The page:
Skype and Low-Cost E-learning Delivered at the Moment of Need

January 22, 2010

Delivering low- or no-cost e-learning at the moment of need seems to become easier every day through the use of Web 2.0 (online social networking) tools. Having written earlier this month about using Google Chat to deliver a dynamic, interactive, and effective online lesson to journalism students at the University of Nevada, Las Vegas, I found myself experimenting on short notice with Skype as a live delivery tool yesterday for basic Excel and PowerPoint lessons.

The good news is that it worked; the even better news is that the immediate payoff for the learner might be a job she would very much love to have.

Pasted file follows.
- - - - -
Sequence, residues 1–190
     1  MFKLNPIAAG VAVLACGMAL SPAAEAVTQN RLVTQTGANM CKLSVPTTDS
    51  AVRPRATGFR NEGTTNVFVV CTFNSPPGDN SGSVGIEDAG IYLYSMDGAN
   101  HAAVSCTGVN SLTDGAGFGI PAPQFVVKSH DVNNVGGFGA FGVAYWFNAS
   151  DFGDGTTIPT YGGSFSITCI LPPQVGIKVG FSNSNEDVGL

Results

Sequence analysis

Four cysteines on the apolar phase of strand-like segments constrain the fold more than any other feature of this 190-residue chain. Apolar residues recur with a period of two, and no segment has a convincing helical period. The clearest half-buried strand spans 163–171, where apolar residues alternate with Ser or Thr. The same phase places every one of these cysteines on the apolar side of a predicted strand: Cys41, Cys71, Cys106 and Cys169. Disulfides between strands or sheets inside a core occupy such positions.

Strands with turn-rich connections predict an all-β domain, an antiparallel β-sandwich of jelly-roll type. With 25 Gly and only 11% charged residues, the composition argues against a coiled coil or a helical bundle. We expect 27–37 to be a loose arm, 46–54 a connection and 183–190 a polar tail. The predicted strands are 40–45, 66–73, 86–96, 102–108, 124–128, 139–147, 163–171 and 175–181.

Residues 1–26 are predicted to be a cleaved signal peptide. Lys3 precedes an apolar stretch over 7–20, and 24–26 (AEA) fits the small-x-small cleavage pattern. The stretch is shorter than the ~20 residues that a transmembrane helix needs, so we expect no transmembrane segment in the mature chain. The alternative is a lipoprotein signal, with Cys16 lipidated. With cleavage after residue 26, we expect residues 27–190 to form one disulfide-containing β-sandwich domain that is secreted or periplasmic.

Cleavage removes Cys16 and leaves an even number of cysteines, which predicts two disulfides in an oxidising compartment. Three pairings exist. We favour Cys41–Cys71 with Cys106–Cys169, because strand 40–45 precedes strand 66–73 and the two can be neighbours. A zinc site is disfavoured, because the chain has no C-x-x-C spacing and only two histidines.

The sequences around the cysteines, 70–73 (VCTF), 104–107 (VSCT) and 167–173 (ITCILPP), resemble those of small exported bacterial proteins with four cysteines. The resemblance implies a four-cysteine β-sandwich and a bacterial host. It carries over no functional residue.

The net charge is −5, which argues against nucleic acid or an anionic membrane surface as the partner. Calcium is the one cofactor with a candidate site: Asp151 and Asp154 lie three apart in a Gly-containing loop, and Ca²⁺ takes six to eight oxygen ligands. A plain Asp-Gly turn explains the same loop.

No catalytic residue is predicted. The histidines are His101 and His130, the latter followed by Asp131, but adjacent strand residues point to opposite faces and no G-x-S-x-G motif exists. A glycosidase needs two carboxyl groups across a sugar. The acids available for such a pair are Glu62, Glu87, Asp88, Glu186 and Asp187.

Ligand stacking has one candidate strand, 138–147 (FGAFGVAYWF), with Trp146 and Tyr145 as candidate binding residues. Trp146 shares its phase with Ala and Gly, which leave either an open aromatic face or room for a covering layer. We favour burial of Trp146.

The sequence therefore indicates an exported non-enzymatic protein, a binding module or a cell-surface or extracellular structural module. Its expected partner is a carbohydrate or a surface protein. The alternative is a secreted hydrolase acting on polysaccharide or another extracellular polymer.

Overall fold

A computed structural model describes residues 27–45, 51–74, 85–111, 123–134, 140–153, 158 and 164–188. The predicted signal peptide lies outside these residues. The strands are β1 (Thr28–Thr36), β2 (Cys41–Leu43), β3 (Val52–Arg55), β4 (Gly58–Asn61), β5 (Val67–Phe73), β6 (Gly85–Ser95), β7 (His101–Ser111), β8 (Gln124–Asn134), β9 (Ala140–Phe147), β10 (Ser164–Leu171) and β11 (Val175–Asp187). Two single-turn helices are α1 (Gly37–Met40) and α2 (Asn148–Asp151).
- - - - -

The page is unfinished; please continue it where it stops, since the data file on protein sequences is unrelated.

Our online learning experience developed after she received a call yesterday afternoon to let her know that she was being invited to interview for a position this afternoon. This appeared to be great news until the interviewer told her that the company needed someone with good Excel and PowerPoint skills. The interviewee/learner in this case had a basic familiarity with both programs, but felt less than confident that she could display proficiency during an interview. I assured her that I would be happy to meet with her face-to-face that evening to cover the basics of both programs, but scheduling conflicts and the fact that we live in different parts of the San Francisco Bay Area made that infeasible. We were at a momentary loss until a wonderful intermediary suggested that we attempt to conduct the lessons via Skype—which proved to be a godsend for both of us.